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Calvin, Tommy Owner Posts 3Q Loss as Margins Contract

As the consumer continues to tighten purse strings, revenue for the third quarter ended Oct. 30 decreased 2 percent at PVH compared with the prior-year period.

In a Nutshell: PVH Corp., owner of the Calvin Klein and Tommy Hilfiger brands, reported its 2022 third-quarter results on Wednesday and updated its full-year outlook.

For the year, the company projected revenue to be at the top end of previous guidance range, a decrease of approximately 3 percent compared with 2021, inclusive of a 4 percent negative impact related to the exiting of the Heritage Brands Retail business and the impact of the war in Ukraine.

Earnings per share (EPS) is forecast to be approximately $1.37 compared with $13.25 in 2021. The 2022 EPS projections include the estimated negative impacts of about $1.15 per share related to foreign currency translation and 60 cents per share related to the company’s businesses in Russia, Belarus and Ukraine that have been significantly affected by the war in Ukraine, apart from the one-time noncash asset impairments recorded in the second quarter in connection with the decision to exit its Russia business.

For the fourth quarter, revenue is projected to decrease approximately 4 percent compared to the prior year period, including a 2 percent reduction resulting from the impact of the war in Ukraine. EPS is expected to be approximately 45 cents compared to $5.53 in the prior year period.

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“We continue to manage our business in a prudent and disciplined manner and delivered on the commitments we made by relentlessly focusing on improving execution and reducing costs,” Zac Coughlin, chief financial officer, said. “We are doubling down on the PVH+ Plan growth drivers and focusing on what is within our control to drive sustainable growth, generate strong cash flows and deliver shareholder returns.”

Inventory increased 32 percent compared to a year earlier due to a combination of abnormally low inventory levels in the prior-year period, a planned increase in core product to mitigate supply chain and logistics disruptions, and elevated inventory levels in the North America wholesale business due to lower-than-expected demand.

Sales: Revenue for the third quarter ended Oct. 30 decreased 2 percent compared to the prior year period to $2.28 billion, inclusive of a 2 percent reduction resulting from the impact of the war in Ukraine, including closures of company stores in Russia, the cessation of wholesale shipments to Russia and Belarus, and a reduction in wholesale shipments to Ukraine.

Tommy Hilfiger revenue fell 4 percent year over year, while Tommy Hilfiger International revenue decreased 10 percent and Tommy Hilfiger North America revenue increased 12 percent.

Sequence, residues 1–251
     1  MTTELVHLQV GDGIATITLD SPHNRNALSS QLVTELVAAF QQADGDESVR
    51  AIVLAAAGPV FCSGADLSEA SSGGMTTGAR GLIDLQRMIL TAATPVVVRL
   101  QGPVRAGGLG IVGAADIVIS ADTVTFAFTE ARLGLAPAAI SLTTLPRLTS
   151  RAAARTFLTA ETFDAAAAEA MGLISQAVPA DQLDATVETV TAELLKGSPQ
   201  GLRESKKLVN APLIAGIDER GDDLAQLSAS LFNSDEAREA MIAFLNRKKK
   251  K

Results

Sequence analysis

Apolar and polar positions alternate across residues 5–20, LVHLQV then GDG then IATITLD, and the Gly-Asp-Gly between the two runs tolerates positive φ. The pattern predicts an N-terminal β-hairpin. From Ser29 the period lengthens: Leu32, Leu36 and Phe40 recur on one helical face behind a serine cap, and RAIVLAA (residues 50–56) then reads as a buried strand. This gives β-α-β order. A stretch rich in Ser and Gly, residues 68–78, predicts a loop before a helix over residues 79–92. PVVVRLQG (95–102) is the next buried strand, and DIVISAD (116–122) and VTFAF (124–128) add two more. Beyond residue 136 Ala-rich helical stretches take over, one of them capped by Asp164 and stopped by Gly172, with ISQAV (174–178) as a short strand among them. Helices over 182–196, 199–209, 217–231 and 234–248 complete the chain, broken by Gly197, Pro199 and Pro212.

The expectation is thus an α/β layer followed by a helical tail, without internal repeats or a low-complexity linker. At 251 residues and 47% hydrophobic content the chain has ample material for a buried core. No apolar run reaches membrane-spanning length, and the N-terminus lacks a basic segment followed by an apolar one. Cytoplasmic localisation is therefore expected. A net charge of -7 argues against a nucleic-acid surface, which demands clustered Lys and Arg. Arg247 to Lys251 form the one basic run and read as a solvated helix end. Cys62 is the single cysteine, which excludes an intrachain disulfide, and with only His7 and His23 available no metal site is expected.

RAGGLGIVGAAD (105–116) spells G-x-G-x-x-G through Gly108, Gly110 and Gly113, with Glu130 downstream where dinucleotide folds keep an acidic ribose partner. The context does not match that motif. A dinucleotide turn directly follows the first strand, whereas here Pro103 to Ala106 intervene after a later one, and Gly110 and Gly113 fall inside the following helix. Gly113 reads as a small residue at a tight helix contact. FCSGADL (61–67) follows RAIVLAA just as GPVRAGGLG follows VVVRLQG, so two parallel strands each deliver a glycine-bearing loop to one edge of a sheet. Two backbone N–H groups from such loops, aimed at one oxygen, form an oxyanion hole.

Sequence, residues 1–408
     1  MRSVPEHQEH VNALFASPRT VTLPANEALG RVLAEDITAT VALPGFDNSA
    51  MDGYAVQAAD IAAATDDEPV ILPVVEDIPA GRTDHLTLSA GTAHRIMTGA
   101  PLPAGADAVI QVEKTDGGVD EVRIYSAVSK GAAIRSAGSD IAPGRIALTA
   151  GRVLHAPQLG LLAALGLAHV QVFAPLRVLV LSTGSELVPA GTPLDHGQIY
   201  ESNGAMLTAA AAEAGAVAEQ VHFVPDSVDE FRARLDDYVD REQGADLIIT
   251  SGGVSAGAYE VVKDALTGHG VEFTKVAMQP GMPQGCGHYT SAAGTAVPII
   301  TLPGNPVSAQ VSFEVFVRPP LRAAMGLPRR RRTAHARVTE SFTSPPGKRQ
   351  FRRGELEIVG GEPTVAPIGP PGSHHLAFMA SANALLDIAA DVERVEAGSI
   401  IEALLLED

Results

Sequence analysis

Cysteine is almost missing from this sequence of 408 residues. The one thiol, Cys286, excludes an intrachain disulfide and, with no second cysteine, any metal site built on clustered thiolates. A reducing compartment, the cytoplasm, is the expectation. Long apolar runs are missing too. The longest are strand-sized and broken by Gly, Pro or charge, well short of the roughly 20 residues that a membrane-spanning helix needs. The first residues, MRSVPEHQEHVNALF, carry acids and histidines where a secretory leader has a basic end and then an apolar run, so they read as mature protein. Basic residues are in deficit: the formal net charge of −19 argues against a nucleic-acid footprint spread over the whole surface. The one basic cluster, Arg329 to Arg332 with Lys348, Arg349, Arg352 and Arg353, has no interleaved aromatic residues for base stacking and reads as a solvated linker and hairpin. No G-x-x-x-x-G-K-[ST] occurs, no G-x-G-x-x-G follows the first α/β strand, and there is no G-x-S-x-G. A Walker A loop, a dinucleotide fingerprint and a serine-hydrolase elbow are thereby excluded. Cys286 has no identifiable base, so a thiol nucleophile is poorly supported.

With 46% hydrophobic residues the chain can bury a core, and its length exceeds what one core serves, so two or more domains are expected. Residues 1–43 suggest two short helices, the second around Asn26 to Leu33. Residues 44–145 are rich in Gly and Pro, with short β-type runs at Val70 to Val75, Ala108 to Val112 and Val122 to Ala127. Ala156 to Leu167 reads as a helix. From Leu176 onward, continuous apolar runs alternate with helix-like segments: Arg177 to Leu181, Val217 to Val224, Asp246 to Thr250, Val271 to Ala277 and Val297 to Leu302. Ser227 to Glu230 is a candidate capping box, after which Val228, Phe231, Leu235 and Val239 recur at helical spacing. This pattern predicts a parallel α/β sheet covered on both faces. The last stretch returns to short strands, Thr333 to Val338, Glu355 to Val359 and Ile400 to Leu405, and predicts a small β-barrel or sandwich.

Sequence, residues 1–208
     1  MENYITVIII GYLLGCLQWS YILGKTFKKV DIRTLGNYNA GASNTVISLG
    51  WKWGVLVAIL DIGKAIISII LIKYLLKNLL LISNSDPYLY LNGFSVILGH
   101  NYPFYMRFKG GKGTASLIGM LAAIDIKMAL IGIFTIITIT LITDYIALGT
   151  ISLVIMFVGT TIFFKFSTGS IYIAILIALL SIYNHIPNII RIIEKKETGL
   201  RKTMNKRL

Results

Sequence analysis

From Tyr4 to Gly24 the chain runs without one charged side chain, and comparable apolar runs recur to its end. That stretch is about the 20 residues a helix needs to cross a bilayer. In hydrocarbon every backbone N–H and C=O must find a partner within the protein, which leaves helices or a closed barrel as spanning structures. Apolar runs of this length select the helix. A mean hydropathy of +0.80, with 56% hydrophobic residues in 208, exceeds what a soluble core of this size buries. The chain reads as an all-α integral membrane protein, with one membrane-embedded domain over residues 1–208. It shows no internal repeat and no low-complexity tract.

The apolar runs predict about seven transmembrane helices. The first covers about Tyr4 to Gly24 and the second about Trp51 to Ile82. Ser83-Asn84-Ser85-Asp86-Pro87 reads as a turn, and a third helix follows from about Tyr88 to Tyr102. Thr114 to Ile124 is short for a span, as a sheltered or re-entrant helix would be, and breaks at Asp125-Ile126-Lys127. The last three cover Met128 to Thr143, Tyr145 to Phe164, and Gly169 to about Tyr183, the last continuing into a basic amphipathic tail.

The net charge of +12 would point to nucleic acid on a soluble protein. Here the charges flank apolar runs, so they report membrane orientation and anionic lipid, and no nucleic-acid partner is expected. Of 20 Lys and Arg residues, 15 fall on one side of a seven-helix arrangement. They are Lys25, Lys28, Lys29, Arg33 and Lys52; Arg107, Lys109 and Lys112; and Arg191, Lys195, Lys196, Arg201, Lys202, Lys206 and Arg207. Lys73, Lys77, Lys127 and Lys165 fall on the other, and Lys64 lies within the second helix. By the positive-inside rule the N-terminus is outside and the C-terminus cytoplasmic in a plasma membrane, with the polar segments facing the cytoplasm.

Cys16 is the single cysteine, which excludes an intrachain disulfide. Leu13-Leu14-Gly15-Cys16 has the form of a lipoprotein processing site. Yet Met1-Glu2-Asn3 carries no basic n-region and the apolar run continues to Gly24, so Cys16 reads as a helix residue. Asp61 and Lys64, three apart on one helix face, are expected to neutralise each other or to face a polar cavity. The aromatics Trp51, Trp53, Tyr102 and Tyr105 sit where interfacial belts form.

Direct-to-Consumer (DTC) revenue fell 5 percent compared to the prior-year period. Wholesale revenue decreased 2 percent, while total digital revenue was down 12 percent year over year. Total Digital includes sales through the company’s digital commerce businesses and sales to the digital businesses of its traditional and pure play wholesale customers. Digital penetration as a percentage of total revenue was approximately 20 percent.

Earnings: The company saw a loss of $186.7 million in the quarter versus net income of $279.7 million in the 2021 period.

EPS for the period was a negative $2.88 compared to EPS of $3.89 in the prior-year period. This included the negative impacts of 35 cents per share related to foreign currency translation and 18 cents per share related to the war in Ukraine.

Gross margin was 55.9 percent compared to 57.7 percent in the prior-year period, as the benefit from price increases was more than offset by higher costs, increased promotional activity and the negative impact of approximately 40 basis points of foreign currency translation.

CEO’s Take: Stefan Larsson, CEO, said: “We are pleased with our third-quarter results as we delivered high single-digit constant currency top-line growth. This was ahead of our expectations, despite having to navigate continuing macroeconomic headwinds. Our strong performance reflects the power of our two global iconic brands, Calvin Klein and Tommy Hilfiger, and the pricing power we are able to achieve by delivering strong hero product, engaging closely with consumers and elevating the customer experience. Our international businesses continued to execute well across both brands, even as macro conditions remain challenging in Europe and Covid impacts continued in Asia.

“In North America, we are encouraged by the positive performance indicators we are seeing, especially how consumers are responding to and engaging with our brands, although we recognize that we are in the early stages of a multi-year journey to unlock this region’s full opportunity,” Larsson added. “Through the PVH+ Plan, we seek to tap into our full potential by focusing on our core strengths and connecting our iconic brands closer to where the consumer is going than any time before. Our goal is to win with the consumer and achieve long-term profitable growth.”